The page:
The Furthest Station by Ben Aaronovitch [Book Review]
The Furthest Station by Ben Aaronovitch
The Furthest Station is a novella, so quite short, set between Foxglove Summer and The Hanging Tree. There’s some interesting character development of some of the regular cast and also a couple of new characters. There are also some tantalising loose ends that I hope end up being explored in future stories.
The Furthest Station
The main plot is of a ghost hunt on London Underground. Peter is joined by his younger cousin Abigail, who is turning out to be more than she appears on the surface. Abigail has an affinity with Foxes. Some things happen off-screen that I think may be connected with the Cry Fox graphic novel (which I’ve not yet read, I’m waiting for the collected edition before I acquire it). The Furthest Station refers to the action being at the end of the Metropolitan line.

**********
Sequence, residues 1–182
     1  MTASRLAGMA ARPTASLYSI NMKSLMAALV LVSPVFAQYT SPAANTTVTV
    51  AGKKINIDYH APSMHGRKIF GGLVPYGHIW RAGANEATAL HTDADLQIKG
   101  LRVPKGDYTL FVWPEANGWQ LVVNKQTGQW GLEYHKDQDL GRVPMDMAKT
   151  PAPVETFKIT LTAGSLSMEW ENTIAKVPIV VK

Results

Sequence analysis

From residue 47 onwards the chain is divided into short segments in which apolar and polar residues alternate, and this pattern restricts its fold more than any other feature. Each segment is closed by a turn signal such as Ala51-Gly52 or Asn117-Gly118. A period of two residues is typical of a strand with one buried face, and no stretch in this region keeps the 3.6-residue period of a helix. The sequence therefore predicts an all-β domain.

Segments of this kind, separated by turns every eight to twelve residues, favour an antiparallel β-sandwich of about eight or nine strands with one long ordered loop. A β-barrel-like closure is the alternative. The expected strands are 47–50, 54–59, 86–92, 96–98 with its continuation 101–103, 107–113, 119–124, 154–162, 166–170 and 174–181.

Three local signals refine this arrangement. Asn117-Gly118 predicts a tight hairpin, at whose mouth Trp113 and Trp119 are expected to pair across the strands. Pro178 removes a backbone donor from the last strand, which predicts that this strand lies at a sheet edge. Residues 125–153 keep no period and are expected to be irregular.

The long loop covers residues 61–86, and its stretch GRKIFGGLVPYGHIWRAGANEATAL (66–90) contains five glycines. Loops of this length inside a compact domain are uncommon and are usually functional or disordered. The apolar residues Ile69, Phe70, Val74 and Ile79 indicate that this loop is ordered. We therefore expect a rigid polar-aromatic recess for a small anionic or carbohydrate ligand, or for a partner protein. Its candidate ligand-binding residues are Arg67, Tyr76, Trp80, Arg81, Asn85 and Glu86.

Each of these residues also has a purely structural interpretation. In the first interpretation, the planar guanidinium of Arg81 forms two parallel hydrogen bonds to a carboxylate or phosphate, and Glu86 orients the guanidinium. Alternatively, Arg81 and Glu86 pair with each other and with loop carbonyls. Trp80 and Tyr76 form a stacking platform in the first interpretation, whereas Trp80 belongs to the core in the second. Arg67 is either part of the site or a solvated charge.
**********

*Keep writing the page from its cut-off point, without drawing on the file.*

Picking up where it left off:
The Peter Grant universe is expanded through exploring the nature of ghosts, and how they are motivated. Peter Grant is called in by Sergeant Jaget Jumar of the British Transport Police following reports of assaults on the tube. All of the victims forgot the details by the time the police arrive to question them. All of the attacks take place on the northern end of the Metropolitan line. Sgt Kumar recognises the nature of the incidents and calls in Peter Grant.
The ghosts are messengers, to draw in help and attract the attention of the Folly. There’s a bit of the history of the Folly revealed by way of explanation. By extension that too expands the nature of the setting. It’s all in keeping with the previous canon, and adds to the richness of the stories.
Definitely well worth a read to stage you through until the next Peter Grant novel comes out next year.